Echoes from Forgotten StreetsCaleb Pirtle III
The communities and towns of East Texas were caught in the death grip of the Great Depression. Times were difficult and often unbearable, but those who settled the piney woods didn’t shutter their windows and move away. Times, they knew, were hard all over.
Then came Dad Joiner, a crippled old wildcatter, who some believed was either a con man or a fraud. He was promising to drill in Woodbine Sand and find “the well of the world.” Few believed him. Most didn’t trust him. His pockets were as empty as theirs, but Dad Joiner brought with him a curious geological report prepared by an unorthodox geologist, Doc Lloyd. Both were mavericks and far too old to be drilling for oil in land that big oil companies swore was dry and barren.
Dad Joiner bought leases with IOUs and oil certificates, promises, and hope. Above all, Dad Joiner offered hope. Big oil laughed at him, and all of East Texas prayed he might indeed find, as he said, “a treasure trove that all the kings of the earth might covet.”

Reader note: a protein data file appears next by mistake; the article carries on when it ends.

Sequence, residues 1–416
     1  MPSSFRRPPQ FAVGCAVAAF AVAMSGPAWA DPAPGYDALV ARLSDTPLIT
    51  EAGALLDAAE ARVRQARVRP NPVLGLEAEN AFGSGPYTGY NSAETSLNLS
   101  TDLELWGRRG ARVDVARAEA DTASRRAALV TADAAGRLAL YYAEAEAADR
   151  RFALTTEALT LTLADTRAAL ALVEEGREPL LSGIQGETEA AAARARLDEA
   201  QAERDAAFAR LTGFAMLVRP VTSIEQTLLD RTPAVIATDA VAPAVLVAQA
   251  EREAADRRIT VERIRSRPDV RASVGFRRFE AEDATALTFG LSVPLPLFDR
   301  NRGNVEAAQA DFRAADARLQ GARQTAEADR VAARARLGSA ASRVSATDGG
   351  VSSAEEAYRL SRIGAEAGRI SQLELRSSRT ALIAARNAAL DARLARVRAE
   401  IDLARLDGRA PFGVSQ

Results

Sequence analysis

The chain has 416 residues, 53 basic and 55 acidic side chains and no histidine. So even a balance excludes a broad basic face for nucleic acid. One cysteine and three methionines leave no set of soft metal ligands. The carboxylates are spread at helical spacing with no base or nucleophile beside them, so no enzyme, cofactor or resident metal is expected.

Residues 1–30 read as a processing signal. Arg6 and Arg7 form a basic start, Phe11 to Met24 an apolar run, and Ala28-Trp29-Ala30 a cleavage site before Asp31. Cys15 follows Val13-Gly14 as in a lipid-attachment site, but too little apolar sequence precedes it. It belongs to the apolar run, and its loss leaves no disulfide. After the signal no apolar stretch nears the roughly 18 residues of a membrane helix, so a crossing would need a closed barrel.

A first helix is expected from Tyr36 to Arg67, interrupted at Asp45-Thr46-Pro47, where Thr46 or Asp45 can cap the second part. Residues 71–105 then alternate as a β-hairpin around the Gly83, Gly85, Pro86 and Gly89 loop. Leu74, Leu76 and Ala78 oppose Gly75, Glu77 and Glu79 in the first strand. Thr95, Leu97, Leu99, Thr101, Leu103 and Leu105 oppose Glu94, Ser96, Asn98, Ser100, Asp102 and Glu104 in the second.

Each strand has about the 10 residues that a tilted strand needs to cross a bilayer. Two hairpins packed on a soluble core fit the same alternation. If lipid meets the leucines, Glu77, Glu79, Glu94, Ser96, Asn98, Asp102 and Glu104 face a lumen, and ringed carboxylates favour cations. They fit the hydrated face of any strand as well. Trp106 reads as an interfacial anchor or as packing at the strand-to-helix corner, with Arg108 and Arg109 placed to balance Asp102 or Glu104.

When oil spilled out of the earth around the Daisy Bradford No. 3 well, big oil stopped laughing. And when Kilgore’s Malcolm Crim hit a gusher on his mother’s farm, a gigantic oil boom washed away the hard times and replaced them with a prosperous, unpredictable, and turbulent period. Crim had always wanted to drill on the farm because a West Texas fortune teller once told him that oil lay deep beneath the cotton rows.
The streets were crowded with oilmen, speculators, lease hounds, roustabouts, and men from every corner of the country, searching for jobs. They slept in alleyways, in cardboard shacks, beneath the trees of Happy Hollow, in empty churches, in shifts at old walkup hotels.
Along the way, Oilfield Willie ran for governor, Uncle Billy wore suits but seldom shoes to church, Lightnin’ sold ice cream and tamales down almost every street in town, and Sam Andrews bought a Buick in Dallas, drove it home because he didn’t want to ride the bus, then never drove it again.
Texas Rangers Lone Wolf Gonzaullas and Bob Goss rode into town to handle the pickpockets, card sharks, scam artists, and bandits. They handcuffed scoundrels to chains stretched through the smothering confines of the Trotline Baptist Church.
In time, the National Guard marched into East Texas and declared martial law in an attempt to shut down hot oil smugglers.
East Texas was in a war. And it was a fight for oil.
Through it all, Kilgore endured and prevailed. More than 25,000 oil wells were drilled in the East Texas field, and more than 1,100 steel derricks hovered over the downtown Kilgore skyline. It was a sight to behold.
There may never be another quite like it.
Echoes from Forgotten Streets is the story of the way it was.
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